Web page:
To The Beginning Writer…#156

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I do believe that I may finally be on the “mend”! The second surgery in three weeks was beginning to show progress. Then, they removed the staples and the incision site opened (I know that you did not want to hear that information, but sh*t happens). I now wear a pump vacuum over the site until it heals from the inside out. Uncomfortable, yes, is it working, yes. Although I am not doing anything but sitting most of the time, I am getting in all my back reading and a bit of research.

One part of my research took me back to the fundamentals of writing. I believe that being a writer is all about continually evolving and improving. Sometimes it helps to start as if you have not written at all. Read your work, being a writer is about being an editor of your own work. It is essential, after writing something, to read it carefully, editing out typos and punctuation errors (I sometimes make this mistake after years of writing).

I personally find reading the words “aloud” as if I were reading the content for the first time helps. Wordy writing is a hallmark of amateur writers, so as a rule you should try to reduce the word count when you proof read. If a word does not need to be there, get rid of it. I have been guilty of this many times; I call it cleaning out the garbage. Use a grammar checker, if you use Microsoft Word as your word processor, there are a host of grammar checking features.

Take a course, its well worth investing in your writing skills if you are serious about being a writer. I took a course when I first begin to write at the University of Wisconsin, where the instructor told me that I was a storyteller, but needed to develop my own voice. In addition, I was to edit, edit, edit.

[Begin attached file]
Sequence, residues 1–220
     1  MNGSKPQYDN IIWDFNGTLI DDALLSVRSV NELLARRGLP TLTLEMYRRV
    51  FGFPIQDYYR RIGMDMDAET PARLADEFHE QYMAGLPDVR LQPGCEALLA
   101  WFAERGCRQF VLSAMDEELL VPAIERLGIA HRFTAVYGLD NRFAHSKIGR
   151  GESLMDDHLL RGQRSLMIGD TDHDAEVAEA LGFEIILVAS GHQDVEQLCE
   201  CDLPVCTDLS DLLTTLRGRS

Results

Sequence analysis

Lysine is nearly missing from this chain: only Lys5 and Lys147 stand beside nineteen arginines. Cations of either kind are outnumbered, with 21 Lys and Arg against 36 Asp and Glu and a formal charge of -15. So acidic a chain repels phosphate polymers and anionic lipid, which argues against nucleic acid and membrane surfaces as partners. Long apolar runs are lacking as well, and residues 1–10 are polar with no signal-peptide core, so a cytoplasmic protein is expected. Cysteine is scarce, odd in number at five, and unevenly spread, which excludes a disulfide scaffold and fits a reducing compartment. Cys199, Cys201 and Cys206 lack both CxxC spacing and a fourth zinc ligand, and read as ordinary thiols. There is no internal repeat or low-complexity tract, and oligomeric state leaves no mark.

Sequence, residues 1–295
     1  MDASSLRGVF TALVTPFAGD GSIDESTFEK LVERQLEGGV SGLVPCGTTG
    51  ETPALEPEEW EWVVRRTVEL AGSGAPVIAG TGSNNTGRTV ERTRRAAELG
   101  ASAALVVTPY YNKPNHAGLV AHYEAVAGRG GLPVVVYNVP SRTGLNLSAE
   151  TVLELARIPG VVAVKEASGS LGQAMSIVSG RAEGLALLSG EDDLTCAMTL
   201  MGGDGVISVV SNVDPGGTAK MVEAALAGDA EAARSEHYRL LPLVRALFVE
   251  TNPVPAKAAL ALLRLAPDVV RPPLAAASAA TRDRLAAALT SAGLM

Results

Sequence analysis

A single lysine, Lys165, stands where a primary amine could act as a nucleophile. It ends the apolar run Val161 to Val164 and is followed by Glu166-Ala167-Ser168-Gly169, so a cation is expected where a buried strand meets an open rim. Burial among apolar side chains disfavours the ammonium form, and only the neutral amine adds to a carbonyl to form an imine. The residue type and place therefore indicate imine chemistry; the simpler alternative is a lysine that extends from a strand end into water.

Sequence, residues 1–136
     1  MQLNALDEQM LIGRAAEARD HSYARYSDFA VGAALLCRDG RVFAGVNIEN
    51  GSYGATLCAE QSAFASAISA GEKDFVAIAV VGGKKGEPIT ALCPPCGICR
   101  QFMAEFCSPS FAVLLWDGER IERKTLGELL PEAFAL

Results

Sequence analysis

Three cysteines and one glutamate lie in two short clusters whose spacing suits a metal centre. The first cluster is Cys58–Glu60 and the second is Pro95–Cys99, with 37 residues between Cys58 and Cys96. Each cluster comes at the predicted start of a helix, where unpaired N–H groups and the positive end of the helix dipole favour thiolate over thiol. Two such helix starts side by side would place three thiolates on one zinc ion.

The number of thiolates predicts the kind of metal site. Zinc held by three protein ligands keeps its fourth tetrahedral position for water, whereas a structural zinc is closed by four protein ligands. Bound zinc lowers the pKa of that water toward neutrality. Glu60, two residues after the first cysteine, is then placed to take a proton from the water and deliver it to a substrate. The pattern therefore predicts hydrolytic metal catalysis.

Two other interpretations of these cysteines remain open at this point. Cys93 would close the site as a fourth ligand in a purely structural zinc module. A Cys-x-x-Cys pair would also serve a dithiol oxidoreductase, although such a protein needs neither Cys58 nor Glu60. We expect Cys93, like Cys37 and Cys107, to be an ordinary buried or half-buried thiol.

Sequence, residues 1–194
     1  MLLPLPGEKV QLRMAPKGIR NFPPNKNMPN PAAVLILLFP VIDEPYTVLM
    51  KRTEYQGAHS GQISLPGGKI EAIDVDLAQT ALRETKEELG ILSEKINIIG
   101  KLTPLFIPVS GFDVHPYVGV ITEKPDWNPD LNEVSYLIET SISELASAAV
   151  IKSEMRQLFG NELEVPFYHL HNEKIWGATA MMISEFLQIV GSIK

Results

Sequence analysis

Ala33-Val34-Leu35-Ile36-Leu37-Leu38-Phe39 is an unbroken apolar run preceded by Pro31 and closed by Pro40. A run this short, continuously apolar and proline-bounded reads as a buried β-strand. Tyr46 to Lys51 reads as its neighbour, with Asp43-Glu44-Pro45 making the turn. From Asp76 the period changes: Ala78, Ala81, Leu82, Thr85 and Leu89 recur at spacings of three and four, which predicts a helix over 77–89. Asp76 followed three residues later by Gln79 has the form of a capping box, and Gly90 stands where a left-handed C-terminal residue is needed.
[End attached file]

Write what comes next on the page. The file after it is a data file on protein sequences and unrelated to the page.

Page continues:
A little book called “Bird by Bird” by Anne Lamott was and still is my writer’s bible, my inspiration. Next, read Shrunk and White’s “Elements of Style”, it is essential to read what will help you avoid commonly made mistakes. Working with the public, I had two individuals that help me through the tough times. The first was my boss who gave me writing projects then covered the paper with “blue ink”, he continued patiently with me until I had the project correct. The second was my last boss before retirement that I worked ten years, he would write his projects and I would correct them and send a fresh copy back to him. He would sign and most times get a nice reward for my work. I never got upset at either; I was learning lessons that would take me down the path to writing. There is a huge amount to learn, I study the craft almost daily, but it is a very enjoyable journey.



Author’s books at and Barnes&

7 thoughts on “To The Beginning Writer…#156

  1. I’m very glad to hear that you’re on the mend! Coincidentally, I’ve been working all week on developing two new writing courses, the first one of which is “The Writing Process.” (I never tire of the writing process. There is always something new for me to learn!)

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